THE SECOND TIME AROUND
I’m optimistic that banks will succeed in the second round of reengineering. If things go right, process improvements will be characterized by the following key traits:
#1: Focused and pragmatic
Successful banks won’t try to reinvent major functions with 90-day revolutions. They’ll define their goal in plain English, leverage middle management knowledge, and figure out practical ways to use technology.
Wrong way: “We need seamless, real-time 24X7 lending through any channel.”
Right way: “Let’s figure out a way for the branches to accept mortgage applications and track loan status online.”
#2: Driven through the intranet
The intranet will be the glue that will hold future reengineering efforts together. Even today, our clients are cobbling together all kinds of creative stuff through their intranets. Not just the employee phone book! We’re starting to see database-driven forms, browser-based reports and extensive online resources for the front line. For the next few years, inelegant, homegrown intranet apps will be competing with the packaged software market.
#3: Life or death through scorecards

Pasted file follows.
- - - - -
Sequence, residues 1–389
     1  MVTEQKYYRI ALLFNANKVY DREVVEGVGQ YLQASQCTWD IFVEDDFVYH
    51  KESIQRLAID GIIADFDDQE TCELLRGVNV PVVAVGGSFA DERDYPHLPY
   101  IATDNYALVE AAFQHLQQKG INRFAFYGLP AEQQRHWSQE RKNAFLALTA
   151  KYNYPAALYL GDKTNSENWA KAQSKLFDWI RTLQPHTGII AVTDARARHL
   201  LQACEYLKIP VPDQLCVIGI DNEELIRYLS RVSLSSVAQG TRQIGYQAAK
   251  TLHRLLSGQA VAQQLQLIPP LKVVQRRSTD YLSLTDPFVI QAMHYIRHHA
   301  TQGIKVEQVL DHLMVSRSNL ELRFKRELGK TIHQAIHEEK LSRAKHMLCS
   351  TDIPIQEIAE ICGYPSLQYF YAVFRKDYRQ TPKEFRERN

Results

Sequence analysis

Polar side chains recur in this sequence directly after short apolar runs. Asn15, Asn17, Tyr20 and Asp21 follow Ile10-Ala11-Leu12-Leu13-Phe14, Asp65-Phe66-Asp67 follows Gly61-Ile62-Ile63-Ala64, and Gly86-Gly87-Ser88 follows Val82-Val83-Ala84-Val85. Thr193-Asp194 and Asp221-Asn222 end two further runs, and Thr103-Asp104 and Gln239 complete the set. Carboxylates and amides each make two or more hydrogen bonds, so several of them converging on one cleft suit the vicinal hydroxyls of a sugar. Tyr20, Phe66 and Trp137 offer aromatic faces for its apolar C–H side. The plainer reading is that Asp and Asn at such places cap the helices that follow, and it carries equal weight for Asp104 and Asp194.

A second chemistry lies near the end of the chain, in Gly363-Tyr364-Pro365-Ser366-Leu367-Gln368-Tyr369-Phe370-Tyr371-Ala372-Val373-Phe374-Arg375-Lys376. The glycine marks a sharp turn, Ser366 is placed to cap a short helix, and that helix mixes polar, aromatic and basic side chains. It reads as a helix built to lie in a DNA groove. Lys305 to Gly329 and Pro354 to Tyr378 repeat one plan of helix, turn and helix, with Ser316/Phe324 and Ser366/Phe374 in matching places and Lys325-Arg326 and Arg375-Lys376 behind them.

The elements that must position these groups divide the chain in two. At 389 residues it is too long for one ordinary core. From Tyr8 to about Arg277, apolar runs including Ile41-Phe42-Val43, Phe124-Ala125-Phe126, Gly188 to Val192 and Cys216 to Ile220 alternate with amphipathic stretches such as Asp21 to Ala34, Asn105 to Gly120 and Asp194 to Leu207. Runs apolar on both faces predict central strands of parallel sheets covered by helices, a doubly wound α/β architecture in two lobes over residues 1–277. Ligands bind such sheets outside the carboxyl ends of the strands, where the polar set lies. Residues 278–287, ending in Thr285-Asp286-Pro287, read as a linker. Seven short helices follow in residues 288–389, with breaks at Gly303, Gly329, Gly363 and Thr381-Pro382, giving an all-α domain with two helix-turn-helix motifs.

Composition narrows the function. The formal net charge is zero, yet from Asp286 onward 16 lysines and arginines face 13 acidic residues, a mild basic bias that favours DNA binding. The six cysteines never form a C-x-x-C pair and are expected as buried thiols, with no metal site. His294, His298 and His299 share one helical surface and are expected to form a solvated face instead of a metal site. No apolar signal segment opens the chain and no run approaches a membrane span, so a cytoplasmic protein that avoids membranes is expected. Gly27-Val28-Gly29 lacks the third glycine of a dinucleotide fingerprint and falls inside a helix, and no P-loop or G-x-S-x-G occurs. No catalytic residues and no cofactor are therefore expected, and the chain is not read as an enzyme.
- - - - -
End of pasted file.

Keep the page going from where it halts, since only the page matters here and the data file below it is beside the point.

Our most productive clients are typically fanatics about measurement. A good consumer loan manager can tell you how many loans per underwriter were booked last month and what percentage were credit scored. A good commercial loan manager can spout off the average portfolio per loan officer and their current loan/deposit production. With real accountabilities, a two-page benchmarking scorecard with 20-30 key measurements can change the culture of a bank.
#4: Limited reliance on systems and vendors
Banks have become much more realistic about technology’s role in process improvement. Banks that succeed will:
#5: Middle managers become “process hackers”
Banks who successfully reengineer will not look to management books, technology vendors or consultants to make it happen. Instead, they will look for those rare stars in middle management who get stuff done. I like to refer to these folks as “process hackers.” Process hackers are great at identifying stupid things in an organization and figuring out ways to fix them. They avoid buzzwords, value utility over elegance and can make just about any technology, no matter how old or ugly, work for them.
Today, process hackers are the gurus of Excel spreadsheets, ASCII downloads and aging report writers. In the future, they will be the gurus of intranet forms, SQL databases and XML interfaces. Successful banks in the future will increase their ranks of process hackers from a few to several dozen.
Take a quick gander at your office bookshelf. There might be a copy of that recognizable red book, “Reengineering the Corporation”. I recently blew the dust off of it and realized most of it still applies today:
“For most companies, reengineering is the only hope for breaking away from ineffective, antiquated ways of conducting business that will otherwise inevitably destroy them.”
I still see lots of antiquity out there for our industry to deal with. Let’s get it right the second time. –sw